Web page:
Abstract: Mexico and Central America (Mesoamerica) are situated in a complex and unique geographical position with the Caribbean Sea to the East and the tropical Eastern Pacific Ocean to the West. The weather patterns of this region are driven by winds, temperatures, moisture, and orography of several mountain ranges. This study finds the dates of the onset and demise of rainfall regimes on a specific day using NASA’s Tropical Rainfall Measuring Mission (TRMM) rainfall for years 1998–2012, area-averaged over land. Using NASA’s MERRA-2 Reanalysis data, we also look at the phenomenology of the triggers of the rainy season onset and demise on the daily time-scale instead of the monthly scales used by previous studies.
We find that the Mesoamerican Rainy Season can be distinguished into two parts: the Early Spring Rainfall (ESR) associated with light rains and the Late Spring Rainfall (LSR) associated with heavy rains. Two algorithms are used to obtain these rainy season distinctions. A new algorithm was developed during this study, called the SLOPE algorithm, to calculate when the rain rates first start to increase. In the second method, the daily cumulative anomalies of rainfall are compared to the climatological rainfall to find the time of onset of the heavy rains, called the MINCA algorithm. To better understand the phenomenology associated with the timing of the rainfall, we look at the monsoon trough, moisture flux convergence, moist static energy anomalies, and the weakening/strengthening of the winds associated with the Caribbean Low-Level Jet and Panama Jet.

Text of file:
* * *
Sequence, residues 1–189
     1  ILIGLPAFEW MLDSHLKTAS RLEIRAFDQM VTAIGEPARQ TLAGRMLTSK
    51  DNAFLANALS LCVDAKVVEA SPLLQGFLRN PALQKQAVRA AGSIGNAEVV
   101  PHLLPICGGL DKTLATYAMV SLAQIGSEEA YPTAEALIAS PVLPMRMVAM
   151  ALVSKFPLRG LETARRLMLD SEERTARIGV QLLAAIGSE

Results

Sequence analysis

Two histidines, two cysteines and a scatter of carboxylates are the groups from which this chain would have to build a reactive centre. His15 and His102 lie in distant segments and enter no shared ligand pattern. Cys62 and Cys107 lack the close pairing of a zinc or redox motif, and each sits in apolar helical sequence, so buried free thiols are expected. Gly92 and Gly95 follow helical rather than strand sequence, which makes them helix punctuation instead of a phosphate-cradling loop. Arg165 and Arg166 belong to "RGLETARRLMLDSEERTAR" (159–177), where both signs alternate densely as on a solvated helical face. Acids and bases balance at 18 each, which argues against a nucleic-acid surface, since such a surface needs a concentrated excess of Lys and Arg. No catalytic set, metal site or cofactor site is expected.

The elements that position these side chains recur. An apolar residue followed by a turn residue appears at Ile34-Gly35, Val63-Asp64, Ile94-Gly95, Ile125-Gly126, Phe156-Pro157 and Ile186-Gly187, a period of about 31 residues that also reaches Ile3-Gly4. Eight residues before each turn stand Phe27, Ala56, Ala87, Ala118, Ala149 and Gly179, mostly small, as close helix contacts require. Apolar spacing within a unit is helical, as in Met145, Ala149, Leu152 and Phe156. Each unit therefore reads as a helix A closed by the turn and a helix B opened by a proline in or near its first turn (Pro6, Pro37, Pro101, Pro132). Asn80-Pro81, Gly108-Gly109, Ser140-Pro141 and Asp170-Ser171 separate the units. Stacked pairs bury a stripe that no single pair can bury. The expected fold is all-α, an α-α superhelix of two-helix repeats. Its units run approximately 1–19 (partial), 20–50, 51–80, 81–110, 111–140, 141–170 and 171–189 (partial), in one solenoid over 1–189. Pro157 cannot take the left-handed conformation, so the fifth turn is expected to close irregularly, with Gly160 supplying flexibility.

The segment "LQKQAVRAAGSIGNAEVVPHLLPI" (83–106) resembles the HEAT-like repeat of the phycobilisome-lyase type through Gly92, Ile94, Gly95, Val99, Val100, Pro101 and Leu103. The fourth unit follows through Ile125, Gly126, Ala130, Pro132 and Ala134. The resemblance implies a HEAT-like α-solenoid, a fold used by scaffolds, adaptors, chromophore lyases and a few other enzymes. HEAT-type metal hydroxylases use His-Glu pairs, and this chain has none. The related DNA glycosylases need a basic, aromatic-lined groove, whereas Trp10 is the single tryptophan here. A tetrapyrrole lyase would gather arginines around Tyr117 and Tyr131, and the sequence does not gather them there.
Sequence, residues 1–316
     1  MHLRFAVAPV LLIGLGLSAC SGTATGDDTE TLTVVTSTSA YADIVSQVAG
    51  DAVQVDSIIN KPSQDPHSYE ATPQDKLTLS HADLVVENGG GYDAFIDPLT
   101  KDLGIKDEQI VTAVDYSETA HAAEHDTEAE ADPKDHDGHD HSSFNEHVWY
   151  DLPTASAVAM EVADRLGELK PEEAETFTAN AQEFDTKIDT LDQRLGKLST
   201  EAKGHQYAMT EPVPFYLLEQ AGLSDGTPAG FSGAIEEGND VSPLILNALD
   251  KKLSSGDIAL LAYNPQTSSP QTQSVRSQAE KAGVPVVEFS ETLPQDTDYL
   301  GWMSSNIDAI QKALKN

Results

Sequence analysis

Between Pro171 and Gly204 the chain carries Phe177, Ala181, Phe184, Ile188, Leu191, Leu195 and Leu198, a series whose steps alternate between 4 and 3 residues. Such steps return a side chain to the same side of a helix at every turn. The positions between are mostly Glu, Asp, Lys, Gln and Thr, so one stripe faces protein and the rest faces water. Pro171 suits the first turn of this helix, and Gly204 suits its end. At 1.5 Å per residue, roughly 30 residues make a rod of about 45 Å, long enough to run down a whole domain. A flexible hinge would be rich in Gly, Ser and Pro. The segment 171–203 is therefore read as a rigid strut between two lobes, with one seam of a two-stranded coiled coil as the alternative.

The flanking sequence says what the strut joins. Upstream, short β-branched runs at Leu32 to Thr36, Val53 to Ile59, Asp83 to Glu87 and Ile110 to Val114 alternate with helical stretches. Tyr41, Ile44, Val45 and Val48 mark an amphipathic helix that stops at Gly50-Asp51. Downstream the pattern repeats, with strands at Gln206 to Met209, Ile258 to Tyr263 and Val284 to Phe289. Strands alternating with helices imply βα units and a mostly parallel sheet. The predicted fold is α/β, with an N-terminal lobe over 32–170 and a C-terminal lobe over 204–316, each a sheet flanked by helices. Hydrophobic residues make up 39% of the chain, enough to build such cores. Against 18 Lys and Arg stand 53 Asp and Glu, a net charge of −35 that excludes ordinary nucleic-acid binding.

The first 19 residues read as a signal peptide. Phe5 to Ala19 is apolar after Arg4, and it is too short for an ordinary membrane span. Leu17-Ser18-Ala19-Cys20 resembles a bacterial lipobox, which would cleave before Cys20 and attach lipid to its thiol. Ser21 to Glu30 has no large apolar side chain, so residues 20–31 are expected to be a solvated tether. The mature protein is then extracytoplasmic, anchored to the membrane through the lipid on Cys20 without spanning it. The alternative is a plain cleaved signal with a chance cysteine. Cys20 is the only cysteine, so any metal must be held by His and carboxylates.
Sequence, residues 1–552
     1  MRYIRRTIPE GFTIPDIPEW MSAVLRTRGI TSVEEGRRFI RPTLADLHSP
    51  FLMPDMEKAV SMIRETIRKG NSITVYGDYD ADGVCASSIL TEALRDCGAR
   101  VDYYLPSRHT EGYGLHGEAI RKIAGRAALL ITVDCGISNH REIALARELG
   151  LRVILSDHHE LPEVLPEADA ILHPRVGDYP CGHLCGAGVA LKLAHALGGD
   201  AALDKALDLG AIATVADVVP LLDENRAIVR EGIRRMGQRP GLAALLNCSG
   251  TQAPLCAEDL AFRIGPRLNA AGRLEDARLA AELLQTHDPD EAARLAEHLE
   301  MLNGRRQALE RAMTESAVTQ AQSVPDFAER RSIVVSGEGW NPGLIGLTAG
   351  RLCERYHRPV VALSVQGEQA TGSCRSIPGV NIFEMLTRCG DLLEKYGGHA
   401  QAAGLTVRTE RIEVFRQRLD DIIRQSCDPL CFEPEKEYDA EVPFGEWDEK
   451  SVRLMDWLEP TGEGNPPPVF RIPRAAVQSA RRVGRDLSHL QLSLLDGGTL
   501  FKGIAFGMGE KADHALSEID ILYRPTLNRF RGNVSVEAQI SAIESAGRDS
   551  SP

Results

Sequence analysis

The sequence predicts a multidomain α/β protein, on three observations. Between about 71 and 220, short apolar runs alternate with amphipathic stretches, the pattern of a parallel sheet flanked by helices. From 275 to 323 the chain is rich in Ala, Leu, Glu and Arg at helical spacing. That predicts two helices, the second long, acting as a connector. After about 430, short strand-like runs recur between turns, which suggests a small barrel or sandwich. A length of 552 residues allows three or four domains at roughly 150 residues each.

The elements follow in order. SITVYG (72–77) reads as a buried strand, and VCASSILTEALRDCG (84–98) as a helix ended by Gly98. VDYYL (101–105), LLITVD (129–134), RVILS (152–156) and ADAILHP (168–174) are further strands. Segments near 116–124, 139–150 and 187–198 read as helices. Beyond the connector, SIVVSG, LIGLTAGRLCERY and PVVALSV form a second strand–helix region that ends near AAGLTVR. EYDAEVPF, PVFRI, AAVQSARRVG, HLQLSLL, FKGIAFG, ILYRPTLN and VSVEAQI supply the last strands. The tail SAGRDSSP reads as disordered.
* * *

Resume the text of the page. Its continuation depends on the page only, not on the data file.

The light rain rates begin, on average, in mid-March, approximately one month after the peak of the winter Caribbean Low-Level Jet and the Panama Jet. The ramp-up between the light rains and heavy rains is associated with a significant weakening of both jets and the northward progression of a monsoon trough off the western coast of Central America. The heavy rain rates begin, on average, in mid-May, and are associated with the timing when the Panama Jet goes to near zero magnitude and a strong monsoon trough in the eastern Pacific. At the demise of the rainfall, approximately in mid-November, the Panama Jet strengthens again, the total moisture flux convergence decreases significantly, and the monsoon trough retreats southward and eastward. The results of this study have positive implications in agriculture and water resources for Mesoamerica, as this information may help resource managers better plan and adapt to climate variability.